My prediction is that if Baker is available and truly focused (two big ifs), this unit could be poised for a big turnaround. There were games last year where Baker did shut down his opponent. He can do it. But how important is the game to him? Usually you can’t count on a person to change their ways, but if anything was going to scare Baker straight, facing a long prison sentence might do the trick. Bradberry should be able to more than adequately handle the other corner spot, replacing Jenkins with less drama. The nickel corner should improve with Holmes, Love, or maybe Williamson an improvement over Haley and Ballentine.

At safety, the closer Peppers plays to the line of scrimmage, the more impact he makes. The drafting of McKinney should enable the coaching staff to play Peppers in a role best suited to his skills. I would not be shocked to see packages that get Peppers, McKinney, and Love all on the field together.

FINAL DEPTH CHART: James Bradberry, Deandre Baker, Sam Beal, Darnay Holmes, Corey Ballentine, Jabrill Peppers, Xavier McKinney, Julian Love, Nate Ebner, Chris Williamson

I’m making some bold assumptions here: Baker being a Giant, Beal staying healthy, and Ballentine and Williamson showing enough to stick. Ebner is strictly a core special teams player who Joe Judge obviously targeted in free agency to lead his unit.

Mar 272020
 
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James Bradberry, Carolina Panthers (September 8, 2019)

James Bradberry – © USA TODAY Sports

CONFERENCE CALL WITH CORNERBACK JAMES BRADBERRY…
The following is the transcript from today’s media conference call with cornerback James Bradberry, who the New York Giants signed on March 16th to a 3-year, $43.5 million contract:

Q: Why the Giants and talk about the challenge of coming in as the veteran corner on what’s a pretty young group?
A: Of course, the city of New York and all the opportunities they have on and off the field. I’m familiar with Dave Gettleman and the culture he is trying to build in the locker room. I am looking forward to being a part of it. What I can bring to the locker room is my overall knowledge of the game. I can help the younger guys in the DB room get better. My experience for the most part is what I am going to bring to the game.

Q: Obviously you and Dave Gettleman have a relationship that goes back to when he drafted you. Can you just talk a little bit about what the conversations were like this time as he was recruiting you?
A: Honestly, he reached out to my agent. I really didn’t talk to (Dave) Gettleman. They came out of nowhere and made an offer, I didn’t even expect them to make an offer. He already knew the type of guy I was, and I already knew the type of guy he was. I already knew what type of organization he was trying to build over there in New York. I knew it was nothing but positive.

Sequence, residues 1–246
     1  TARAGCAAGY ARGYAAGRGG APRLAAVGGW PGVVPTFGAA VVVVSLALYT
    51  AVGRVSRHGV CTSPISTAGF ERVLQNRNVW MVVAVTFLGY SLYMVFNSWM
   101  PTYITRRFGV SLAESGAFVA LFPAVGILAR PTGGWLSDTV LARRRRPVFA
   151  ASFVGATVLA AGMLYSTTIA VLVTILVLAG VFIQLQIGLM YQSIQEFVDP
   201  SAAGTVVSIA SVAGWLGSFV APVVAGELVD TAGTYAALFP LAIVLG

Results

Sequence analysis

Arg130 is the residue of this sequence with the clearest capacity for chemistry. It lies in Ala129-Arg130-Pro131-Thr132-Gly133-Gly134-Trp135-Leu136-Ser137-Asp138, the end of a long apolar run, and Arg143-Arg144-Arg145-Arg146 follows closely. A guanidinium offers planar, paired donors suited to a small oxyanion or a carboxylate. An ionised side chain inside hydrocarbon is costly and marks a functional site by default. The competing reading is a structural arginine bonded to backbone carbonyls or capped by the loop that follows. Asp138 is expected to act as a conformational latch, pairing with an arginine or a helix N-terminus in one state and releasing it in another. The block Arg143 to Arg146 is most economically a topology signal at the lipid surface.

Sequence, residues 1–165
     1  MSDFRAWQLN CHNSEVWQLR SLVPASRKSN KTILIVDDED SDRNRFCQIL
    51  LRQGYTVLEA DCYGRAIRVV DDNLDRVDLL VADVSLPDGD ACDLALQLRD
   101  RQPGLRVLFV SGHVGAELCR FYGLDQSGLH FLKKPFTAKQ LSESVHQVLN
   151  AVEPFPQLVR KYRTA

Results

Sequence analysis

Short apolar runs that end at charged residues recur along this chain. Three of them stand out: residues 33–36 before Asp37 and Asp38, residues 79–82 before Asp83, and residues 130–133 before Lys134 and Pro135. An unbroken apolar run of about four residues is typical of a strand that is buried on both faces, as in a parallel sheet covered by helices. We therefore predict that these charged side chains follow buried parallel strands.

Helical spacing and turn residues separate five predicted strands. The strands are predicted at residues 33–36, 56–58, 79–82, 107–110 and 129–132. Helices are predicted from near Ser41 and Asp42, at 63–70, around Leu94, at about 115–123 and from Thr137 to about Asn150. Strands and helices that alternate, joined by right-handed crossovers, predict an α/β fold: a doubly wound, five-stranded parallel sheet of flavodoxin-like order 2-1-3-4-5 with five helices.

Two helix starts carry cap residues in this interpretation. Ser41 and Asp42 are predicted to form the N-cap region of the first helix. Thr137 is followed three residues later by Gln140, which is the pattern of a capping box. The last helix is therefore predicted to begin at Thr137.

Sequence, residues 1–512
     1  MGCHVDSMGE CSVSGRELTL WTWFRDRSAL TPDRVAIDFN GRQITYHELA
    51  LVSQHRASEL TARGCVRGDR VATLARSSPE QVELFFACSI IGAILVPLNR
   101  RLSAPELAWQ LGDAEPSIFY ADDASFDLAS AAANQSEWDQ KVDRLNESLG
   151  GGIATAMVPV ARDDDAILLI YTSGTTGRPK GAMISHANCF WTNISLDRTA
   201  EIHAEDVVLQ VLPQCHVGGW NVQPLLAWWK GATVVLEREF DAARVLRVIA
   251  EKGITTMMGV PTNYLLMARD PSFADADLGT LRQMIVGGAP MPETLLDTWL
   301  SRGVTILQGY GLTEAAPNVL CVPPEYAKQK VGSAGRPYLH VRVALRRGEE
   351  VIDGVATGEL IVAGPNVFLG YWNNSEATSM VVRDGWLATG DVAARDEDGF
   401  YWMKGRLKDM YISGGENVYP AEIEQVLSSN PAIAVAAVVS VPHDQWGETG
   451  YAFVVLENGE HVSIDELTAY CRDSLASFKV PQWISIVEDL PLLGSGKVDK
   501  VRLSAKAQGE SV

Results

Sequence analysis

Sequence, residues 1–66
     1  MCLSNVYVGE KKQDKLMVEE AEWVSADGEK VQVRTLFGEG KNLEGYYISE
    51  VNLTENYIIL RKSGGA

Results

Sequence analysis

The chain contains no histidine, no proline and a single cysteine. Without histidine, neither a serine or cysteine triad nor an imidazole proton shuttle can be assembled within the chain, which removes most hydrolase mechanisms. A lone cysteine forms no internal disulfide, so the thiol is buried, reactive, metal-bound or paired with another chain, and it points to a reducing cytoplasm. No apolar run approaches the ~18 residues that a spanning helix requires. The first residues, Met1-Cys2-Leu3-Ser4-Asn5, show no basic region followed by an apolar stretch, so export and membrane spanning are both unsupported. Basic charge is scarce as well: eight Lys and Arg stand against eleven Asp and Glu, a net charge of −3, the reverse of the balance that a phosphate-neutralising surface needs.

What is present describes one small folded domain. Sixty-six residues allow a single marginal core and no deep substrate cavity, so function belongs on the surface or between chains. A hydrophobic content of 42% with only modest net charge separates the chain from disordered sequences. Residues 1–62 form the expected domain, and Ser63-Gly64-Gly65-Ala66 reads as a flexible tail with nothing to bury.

Q: One of the reasons the Giants wanted you even though you are only 26 is they need a veteran in the room? Just because you have been in the league four years doesn’t mean that naturally you would be a leader. What do you think they saw in you with these young cornerbacks that you can help them other than you being a good cornerback yourself?
A: Of course, Dave saw me up close and personal my first year and then after that he saw me from afar. After that, I think he saw me improve each and every year. In order to improve you have to take knowledge and apply it on the field. That’s what I want to do for the younger guys, I want to give them knowledge and hopefully they can apply it on the field.

Q: I think the expectation is this defense is going to play a lot of man coverage. How does that fit your strength and was that appealing to you?
A: I see myself as a versatile corner. I can play zone, I can play man. I was down for whatever. Of course, playing a lot of man is a challenge for any cornerback and I am always willing to accept a challenge.

Q: What was it like going into free agency during the coronavirus?
A: Initially, free agency was going smooth until the coronavirus came around. When it became official that I was going with the Giants, it didn’t hit me yet. I don’t think it still has hit me yet. I feel like after we get everything figured out and the coronavirus, everyone is safe and whatnot. I feel like it will hit me when I am able to come up and visit.

Q: You haven’t been to the Giants facility yet? Or met any of the coaches?
A: No sir.

Q: Where are you training?
A: Right now, I am in Charlotte. My training has kind of come to a halt because of trying to keep your social distancing, trying to keep a safe distance from everyone. Making sure you are not spreading the virus or contracting the virus. I have been working out here and there trying to get it in by any means.